STAG, on the other hand, tends to focus on redevelopment opportunities outside major metro areas. The company has a strong track record of taking vacant or underutilized assets and stabilizing them with long-term leases or making modest capital improvements to improve their appeal that it either then continues to own or package into a portfolio of facilities for sale.

Creating portfolios of facilities has been an incredibly lucrative way for STAG to generate returns. By aggregating individual properties into portfolio sales, it has been able to dispose of properties at significantly lower cap rates. This stabilize, package, and sell tactic has led to similar rates of funds from operations growth as Prologis over the past five years.

The difference

Both Prologis and STAG are similar in more than just the market they attack. If you look at their financials, they are also in good shape. While Prologis sports better numbers, both companies appear to have healthy balance sheets that should allow them to both handle any short-term issues and grow their respective businesses.

Company Debt to Capital Debt to EBITDA
Prologis 32.7% 3.6
STAG Industrial 42.6% 4.2

Data source: Y-charts.

So on paper, these two companies have produced similar results and neither truly stands out with a stronger balance sheet. The biggest difference from an investment perspective is how the two companies have used share issuances to fund their development. Over the past five years, STAG Industrial's shares outstanding has grown 126% compared to Prologis' share count increase of 36%.

An increasing share count isn't always a bad thing. Using equity to fund a lucrative acquisition where the rate of return is high enough is certainly justification for issuing shares. Also, STAG has been growing its funds from operations per share, so it's able to produce decent growth and returns on that capital. That said, issuing shares does dilute existing shareholders' stake in the company. Also, rising share counts means that companies have to pay out more to meet the same per-share dividend obligation.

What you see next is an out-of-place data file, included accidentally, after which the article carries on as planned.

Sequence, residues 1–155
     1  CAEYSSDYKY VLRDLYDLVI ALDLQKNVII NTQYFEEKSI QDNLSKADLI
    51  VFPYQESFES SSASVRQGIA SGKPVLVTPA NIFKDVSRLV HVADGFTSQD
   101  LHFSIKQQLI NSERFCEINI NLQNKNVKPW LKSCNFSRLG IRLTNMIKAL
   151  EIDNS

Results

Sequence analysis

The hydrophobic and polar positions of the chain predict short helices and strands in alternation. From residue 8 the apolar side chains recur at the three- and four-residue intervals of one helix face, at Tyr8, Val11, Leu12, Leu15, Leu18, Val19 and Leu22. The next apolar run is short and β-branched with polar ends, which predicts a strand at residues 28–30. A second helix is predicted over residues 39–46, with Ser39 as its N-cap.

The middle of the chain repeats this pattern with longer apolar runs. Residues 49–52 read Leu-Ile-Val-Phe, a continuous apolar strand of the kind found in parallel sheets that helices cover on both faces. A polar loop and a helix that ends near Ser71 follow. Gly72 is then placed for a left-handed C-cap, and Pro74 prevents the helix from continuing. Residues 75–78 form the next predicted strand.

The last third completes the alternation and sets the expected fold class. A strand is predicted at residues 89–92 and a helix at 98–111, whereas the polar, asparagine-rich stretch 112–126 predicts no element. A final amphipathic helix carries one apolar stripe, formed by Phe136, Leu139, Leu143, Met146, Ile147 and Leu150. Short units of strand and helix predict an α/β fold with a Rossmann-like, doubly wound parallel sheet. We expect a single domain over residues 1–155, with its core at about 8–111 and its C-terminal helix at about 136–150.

Based on STAGs liberal use of equity to fund growth, it should come as no surprise that it has only been able to grow its dividend payout by 4.3% over that same five-year period compared to Prologis' 45% dividend growth. It also helps to explain why Prologis stock trades at a premium to STAGs. As of this writing, Prologis' stock has a dividend yield of 2.4% compared to STAG's 4.81% yield.

The bottom line

When you stack these two companies against each other, it would appear that Prologis is a better REIT to buy right now. The company has been able to produce similar results while maintaining a slightly better balance sheet and not having to tap the equity market for additional funds. As a result, Prologis has been able to pay a faster-growing dividend and superior returns.

That doesn't mean that STAG Industrial is a bad investment, though. The company pays a monthly dividend and is an attractive option for those looking for passive income from their investment. Depending on your investment goals, either one -- or both -- could be a good fit for your portfolio.

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Tyler Crowe owns shares of Stag Industrial. The Motley Fool owns shares of and recommends Stag Industrial. The Motley Fool has a disclosure policy.